Hurricane Carlotta made landfall last night along the southern Mexican coastline with winds to near 90 mph, according to the National Hurricane Center. The circulation is now weakening rapidly over the rugged terrain of Mexico but the threat of heavy rains will continue for the next few days. Remember that tropical cyclones release a tremendous amount of heat through rain fall and it takes time for the moisture envelope to totally spin down and dissipate. The mountains of Mexico will also serve as a focusing mechanism to wring out even more moisture and should help to hasten the process. Interests in the region should continue to be aware of the rain threat, especially along the higher elevations where mud slides and flash flooding could occur with little to no warning.
There is another area of interest in the east Pacific but it is farther away from the coast and will likely move in to cooler water before it can develop much.
Now we will turn our attention to the southern and western Gulf of Mexico over the next few days. The pattern is such that there is at leas some potential for a tropical depression to form later next week. Water temps are plenty warm and the current wet phase of the MJO, coupled with the remnants of Carlotta, could trigger a low pressure area to form in the Bay of Campeche. I do not see any indication in the global computer models that anything too strong will come of this but the region will certainly bear watching as we begin the week ahead.
It appears that quite a potent storm is going to take shape over the eastern Gulf of Mexico this weekend as upper level energy digs in from the Great Plains. A surface low is forecast to form over the eastern Gulf and bring the potential for very heavy rain and severe weather to portions of Florida (figure 1).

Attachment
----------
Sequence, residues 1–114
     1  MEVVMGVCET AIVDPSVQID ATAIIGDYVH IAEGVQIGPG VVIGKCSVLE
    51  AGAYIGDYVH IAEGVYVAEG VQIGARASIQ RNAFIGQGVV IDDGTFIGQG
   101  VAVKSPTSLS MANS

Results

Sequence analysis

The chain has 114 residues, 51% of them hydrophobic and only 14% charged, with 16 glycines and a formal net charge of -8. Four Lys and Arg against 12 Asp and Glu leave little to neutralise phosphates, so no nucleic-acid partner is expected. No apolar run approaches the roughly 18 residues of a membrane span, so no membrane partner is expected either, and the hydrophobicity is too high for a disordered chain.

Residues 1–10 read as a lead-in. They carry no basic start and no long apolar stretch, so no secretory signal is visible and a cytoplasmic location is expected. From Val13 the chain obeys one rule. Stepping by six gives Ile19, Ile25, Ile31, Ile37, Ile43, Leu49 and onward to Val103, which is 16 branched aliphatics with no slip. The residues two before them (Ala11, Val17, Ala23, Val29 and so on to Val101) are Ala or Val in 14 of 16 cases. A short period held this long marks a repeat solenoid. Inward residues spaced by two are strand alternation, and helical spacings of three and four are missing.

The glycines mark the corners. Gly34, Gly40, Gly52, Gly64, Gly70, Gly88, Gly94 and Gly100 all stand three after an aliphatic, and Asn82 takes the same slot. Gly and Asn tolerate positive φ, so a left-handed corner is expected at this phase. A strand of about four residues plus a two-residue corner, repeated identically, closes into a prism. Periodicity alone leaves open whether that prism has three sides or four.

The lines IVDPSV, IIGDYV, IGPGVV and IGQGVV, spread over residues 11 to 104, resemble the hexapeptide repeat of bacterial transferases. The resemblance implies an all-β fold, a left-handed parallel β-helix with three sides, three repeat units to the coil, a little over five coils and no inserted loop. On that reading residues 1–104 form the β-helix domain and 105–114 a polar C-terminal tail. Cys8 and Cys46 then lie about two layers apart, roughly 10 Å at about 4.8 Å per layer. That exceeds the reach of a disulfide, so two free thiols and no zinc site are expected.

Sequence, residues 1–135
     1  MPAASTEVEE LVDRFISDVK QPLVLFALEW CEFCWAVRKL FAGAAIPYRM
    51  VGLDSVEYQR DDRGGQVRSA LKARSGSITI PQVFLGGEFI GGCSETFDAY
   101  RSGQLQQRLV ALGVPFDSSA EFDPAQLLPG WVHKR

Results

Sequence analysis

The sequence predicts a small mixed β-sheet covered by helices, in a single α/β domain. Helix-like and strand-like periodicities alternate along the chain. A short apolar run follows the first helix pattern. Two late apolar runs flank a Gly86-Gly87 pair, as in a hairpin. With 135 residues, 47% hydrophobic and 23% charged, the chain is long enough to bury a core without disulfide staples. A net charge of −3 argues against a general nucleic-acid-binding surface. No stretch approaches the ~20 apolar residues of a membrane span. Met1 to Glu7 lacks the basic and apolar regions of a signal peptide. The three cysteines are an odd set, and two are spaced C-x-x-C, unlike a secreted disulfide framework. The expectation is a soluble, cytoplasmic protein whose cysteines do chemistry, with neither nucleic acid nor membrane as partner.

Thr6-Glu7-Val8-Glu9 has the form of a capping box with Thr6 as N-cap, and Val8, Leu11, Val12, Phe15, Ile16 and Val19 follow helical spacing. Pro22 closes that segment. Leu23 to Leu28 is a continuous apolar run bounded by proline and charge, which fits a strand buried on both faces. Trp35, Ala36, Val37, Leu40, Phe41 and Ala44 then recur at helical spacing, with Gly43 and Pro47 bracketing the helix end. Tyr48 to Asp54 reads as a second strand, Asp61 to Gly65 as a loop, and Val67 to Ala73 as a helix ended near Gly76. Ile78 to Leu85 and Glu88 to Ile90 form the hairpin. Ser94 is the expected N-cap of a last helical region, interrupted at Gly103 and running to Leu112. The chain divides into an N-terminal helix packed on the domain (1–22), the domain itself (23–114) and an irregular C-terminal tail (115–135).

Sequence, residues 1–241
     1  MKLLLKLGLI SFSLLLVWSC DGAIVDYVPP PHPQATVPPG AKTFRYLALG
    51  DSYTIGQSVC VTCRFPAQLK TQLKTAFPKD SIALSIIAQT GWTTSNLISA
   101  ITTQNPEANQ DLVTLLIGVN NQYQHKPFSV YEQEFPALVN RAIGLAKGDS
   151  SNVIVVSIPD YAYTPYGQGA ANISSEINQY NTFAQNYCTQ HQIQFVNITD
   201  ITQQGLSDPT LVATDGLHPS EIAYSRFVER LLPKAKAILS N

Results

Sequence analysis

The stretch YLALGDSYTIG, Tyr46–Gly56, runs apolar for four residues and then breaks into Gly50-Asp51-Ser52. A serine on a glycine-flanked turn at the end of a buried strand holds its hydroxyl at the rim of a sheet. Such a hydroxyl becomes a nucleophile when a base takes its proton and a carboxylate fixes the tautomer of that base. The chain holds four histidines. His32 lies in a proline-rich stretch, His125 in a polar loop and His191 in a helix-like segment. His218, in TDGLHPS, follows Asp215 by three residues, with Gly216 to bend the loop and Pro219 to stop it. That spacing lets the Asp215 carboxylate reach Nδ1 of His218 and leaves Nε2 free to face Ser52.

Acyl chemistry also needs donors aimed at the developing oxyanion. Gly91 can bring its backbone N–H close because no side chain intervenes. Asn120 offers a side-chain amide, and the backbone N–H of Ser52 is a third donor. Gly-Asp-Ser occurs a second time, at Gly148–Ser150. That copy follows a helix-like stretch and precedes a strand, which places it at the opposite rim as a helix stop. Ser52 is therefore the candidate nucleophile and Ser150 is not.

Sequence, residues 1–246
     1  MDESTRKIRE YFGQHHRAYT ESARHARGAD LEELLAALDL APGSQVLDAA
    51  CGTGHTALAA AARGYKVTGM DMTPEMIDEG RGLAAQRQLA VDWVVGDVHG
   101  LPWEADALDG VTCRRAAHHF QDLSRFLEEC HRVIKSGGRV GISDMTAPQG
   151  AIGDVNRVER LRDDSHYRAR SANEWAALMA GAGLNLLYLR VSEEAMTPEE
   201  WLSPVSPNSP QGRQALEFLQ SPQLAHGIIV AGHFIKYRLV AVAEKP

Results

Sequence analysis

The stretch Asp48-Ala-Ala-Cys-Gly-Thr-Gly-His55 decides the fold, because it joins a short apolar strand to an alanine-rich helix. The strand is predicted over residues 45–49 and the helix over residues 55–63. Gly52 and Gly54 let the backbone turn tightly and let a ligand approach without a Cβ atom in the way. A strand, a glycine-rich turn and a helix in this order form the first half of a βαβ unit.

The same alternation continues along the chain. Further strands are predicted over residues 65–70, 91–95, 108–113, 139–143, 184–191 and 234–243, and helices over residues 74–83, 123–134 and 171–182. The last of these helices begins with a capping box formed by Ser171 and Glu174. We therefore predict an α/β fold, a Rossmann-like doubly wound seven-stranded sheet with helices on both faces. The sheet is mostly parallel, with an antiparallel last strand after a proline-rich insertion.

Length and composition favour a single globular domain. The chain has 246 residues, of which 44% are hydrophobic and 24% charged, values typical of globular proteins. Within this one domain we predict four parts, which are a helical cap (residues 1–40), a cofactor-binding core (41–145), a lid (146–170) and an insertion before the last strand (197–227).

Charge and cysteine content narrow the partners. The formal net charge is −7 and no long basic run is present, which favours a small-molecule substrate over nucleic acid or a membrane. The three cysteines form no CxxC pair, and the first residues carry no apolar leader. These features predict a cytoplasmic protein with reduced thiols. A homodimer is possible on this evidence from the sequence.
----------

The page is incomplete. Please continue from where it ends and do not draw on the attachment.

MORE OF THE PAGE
Figure 1: Coastal Storm - 48 Hour Forecast from GFS
From there, the low is forecast to move up the East Coast, bringing with it wind and rain all the way to New England. For coastal areas, this will be basically a warm (relatively speaking) Nor’easter. If this were January, we would probably be looking at an epic snowstorm for a good deal of the East Coast. As it stand now, a decent rain event looks to be in store for a wide swath of the Florida peninsula all the way up to Maine with coastal areas experiencing rough seas and a stiff onshore flow (figure 2).
The storm is non-tropical in nature but will tap warm Gulf of Mexico water that is itself running well above normal for this time of year. This warm water will add energy and moisture to the storm system and provide the fuel for it to strengthen and dump copious amounts of rain along its track. If you have outdoor plans this weekend in Florida all the way to New England, keep up to date on the latest weather forecast for your area.
Figure 2: Coastal Storm - 60 Hour Forecast from GFS
One excellent tool to understand the impacts better of any storm event is to read the local forecast discussion from your National Weather Service office. You can find this by going to www.weather.gov and typing in your ZIP Code. Then scroll down on the landing page to find “Forecast Discussion”. It will have detailed meteorological information with timing, impacts and projected watch/warning info for any storm event forecast for your area. It’s a great tool, use it.